Amara La Negra, the Dominican-American singer and performer whose career got an early start on Sabado Gigante, has taken her journey as an aspiring crossover artist to the VH1 show “Love & Hip Hop Miami.”
But so far, Amara’s music has taken a backseat to controversy. Most of the drama has to do with her identity as Afro-Latina.
In a recent appearance on The Breakfast Club, a popular syndicated radio talk show, Amara La Negra used the platform to educate the masses on what it means to be black and Latina.
After expressing her appreciation for being on the show, Amara La Negra was cut off by radio host Charlemagne tha God who immediately wanted Amara to define her identity.
“Well what are you?” he asked.
It’s only a little (read: extremely) ridiculous, because one would think he (or an intern) would do research on guests. The interview went downhill from there. When Amara explains the discrimination she faces as a dark-skinned Latina, host Charlamagne the God has these words: “I don’t even see that in Hollywood anymore. I feel like times have changed a lot.” (Because he is a dark-skinned Latina, his opinion on the topic is very important.)
Amara held her composure, while basically throwing a book at Charlamagne tha God and his fellow radio host DJ Envy.
Here are some highlights from Amara’s interview:
ON THE DISTINCTION BETWEEN RACE AND NATIONALITY: “How we see ‘black’ here in the United States is different. You think ‘black,’ you think African-American. See for us in the Dominican Republic, because we’re all Dominican, you only have but to say ‘You’re black.'”
ON HOW SOME LATINOS CHOOSE TO IDENTIFY: “Well because if you’re Puerto Rican, that’s what you are. If you’re Dominican, that’s what you are and you want to rep what you are or where you come from. That’s pretty much how it is.”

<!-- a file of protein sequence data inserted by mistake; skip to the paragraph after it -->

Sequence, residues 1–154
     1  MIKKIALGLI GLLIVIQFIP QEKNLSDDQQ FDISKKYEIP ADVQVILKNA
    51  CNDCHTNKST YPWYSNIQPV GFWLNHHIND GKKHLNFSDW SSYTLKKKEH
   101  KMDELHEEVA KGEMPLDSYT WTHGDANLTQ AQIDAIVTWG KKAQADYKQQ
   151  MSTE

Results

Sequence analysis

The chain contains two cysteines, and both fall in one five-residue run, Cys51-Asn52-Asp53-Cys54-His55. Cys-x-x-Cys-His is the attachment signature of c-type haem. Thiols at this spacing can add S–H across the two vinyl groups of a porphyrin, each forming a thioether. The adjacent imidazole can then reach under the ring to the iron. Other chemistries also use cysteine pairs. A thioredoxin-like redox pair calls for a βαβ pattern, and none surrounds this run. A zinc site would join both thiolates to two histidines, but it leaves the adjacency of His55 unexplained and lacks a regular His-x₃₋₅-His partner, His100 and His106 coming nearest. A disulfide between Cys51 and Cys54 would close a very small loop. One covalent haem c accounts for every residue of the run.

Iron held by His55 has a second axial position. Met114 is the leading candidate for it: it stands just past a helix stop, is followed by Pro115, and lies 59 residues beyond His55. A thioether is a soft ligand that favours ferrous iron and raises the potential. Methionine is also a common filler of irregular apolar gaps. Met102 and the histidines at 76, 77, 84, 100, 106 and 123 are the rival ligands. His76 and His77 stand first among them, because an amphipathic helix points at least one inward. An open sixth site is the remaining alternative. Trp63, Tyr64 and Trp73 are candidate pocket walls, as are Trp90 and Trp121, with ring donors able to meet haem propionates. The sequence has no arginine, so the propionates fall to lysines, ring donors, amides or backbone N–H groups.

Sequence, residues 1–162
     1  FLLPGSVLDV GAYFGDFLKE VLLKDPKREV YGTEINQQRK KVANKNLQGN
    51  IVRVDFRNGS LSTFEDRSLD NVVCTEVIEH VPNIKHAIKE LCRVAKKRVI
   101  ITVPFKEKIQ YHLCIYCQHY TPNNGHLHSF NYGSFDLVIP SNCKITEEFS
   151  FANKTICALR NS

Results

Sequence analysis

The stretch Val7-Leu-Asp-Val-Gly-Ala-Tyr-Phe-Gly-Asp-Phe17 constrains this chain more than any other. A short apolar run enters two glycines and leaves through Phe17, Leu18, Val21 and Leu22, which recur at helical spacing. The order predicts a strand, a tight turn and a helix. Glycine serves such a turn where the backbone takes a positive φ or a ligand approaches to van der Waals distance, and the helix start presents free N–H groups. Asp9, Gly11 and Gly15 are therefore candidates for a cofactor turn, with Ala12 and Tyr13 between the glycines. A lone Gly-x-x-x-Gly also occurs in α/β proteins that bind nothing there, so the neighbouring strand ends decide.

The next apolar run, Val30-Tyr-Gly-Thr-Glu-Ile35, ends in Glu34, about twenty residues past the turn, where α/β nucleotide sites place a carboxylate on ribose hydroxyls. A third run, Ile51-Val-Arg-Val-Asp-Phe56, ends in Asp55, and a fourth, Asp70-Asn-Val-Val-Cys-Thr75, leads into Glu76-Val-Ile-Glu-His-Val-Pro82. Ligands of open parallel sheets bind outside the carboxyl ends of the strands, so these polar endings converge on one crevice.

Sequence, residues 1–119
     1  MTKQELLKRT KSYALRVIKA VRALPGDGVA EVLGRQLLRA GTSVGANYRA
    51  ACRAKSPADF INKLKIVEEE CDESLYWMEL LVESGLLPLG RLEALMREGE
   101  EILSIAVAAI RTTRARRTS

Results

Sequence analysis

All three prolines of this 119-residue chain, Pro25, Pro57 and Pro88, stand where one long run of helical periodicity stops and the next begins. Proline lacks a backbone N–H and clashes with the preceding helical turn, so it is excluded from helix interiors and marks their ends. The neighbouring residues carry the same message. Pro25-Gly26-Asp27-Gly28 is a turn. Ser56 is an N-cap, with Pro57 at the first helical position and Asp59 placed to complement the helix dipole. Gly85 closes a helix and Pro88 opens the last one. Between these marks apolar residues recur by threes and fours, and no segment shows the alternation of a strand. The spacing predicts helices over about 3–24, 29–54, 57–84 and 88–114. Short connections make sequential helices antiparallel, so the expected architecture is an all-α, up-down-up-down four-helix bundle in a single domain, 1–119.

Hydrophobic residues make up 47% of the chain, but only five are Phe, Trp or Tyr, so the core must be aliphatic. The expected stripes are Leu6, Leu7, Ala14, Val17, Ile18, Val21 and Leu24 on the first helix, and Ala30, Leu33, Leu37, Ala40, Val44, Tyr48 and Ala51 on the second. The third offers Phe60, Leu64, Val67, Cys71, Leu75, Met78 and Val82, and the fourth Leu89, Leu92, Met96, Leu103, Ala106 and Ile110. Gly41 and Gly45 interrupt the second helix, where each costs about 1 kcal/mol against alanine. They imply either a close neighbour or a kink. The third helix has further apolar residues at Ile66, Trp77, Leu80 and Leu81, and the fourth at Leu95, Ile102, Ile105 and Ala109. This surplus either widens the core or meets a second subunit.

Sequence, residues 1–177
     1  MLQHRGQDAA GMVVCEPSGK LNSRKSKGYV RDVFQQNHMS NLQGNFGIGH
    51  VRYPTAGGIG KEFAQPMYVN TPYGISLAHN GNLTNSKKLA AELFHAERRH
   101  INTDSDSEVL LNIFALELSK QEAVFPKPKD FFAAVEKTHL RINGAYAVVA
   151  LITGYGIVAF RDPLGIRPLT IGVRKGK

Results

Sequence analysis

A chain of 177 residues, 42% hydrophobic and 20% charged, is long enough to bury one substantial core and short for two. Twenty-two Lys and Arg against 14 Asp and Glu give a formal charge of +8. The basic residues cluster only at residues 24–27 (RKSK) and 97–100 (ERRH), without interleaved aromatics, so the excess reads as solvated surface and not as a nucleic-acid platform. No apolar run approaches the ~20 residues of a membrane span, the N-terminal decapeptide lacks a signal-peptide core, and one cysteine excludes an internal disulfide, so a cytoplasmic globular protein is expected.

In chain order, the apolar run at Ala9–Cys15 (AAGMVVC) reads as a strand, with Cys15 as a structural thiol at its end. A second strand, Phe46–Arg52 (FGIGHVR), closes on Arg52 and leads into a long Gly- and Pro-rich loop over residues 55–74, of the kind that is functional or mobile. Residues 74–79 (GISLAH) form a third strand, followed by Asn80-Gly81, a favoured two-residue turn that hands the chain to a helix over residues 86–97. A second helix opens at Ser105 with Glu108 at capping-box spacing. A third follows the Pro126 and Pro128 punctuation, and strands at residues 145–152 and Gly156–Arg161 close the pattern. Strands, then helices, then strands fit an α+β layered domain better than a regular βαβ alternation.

ON HER IDENTITY: “I can say I’m Latina — even if I had an Afro, didn’t have an Afro — I mean I’m still Afro-Latina because I’m from African descent. So that’s what it is.”
ON HER HAIR: “Yes, I naturally have an afro. I enhance it by using extensions because it’s kind of hard to have a perfect afro 24/7. (Charlemagne then fans her Afro with a stack of papers, saying he’s just trying to see if it will blow off. RUDE) But I do have an afro. I love my ‘fro … I just feel more comfortable like this. I think it goes more with my personality.”
ABOUT RUMORS THAT SHE IS ACTUALLY IN BLACK FACE: “It’s really sad the fact that I even have to answers these questions. The fact that I have to feel as if I have to prove myself because every single part of me is being questioned. Just because I feel there’s a lot of ignorance when it comes to Afro-Latinos.”
ON THE PREVALENCE OF BLACK PEOPLE THROUGHOUT LATIN AMERICA: “We come is so many different shades that it’s like why is it so hard for people to understand or accept me? … There isn’t a Latin country that doesn’t have people that look like me.”
ON INSULTS ABOUT HER LOOK: “Unfortunately, I almost feel like because I’ve heard it so many times, you know, there’s this part of me that felt like I don’t even want to be mad at you. I just feel like I should educate you about it.”
ON THE IDEA THAT DARK-SKINNED PEOPLE CAN’T HAVE LIGHT EYES: “That is not true. It depends where you’re coming from. When you go to my country there are so many different people that look like myself, different shades, different features that to me it’s not surprising, but out here it’s supposed to be like ‘Oh my God. What species are you?'”
ON “ACTING BLACK”: “(He said) I’m just trying to act black. Whatever that means. What exactly is acting black? I’m not sure what that is.”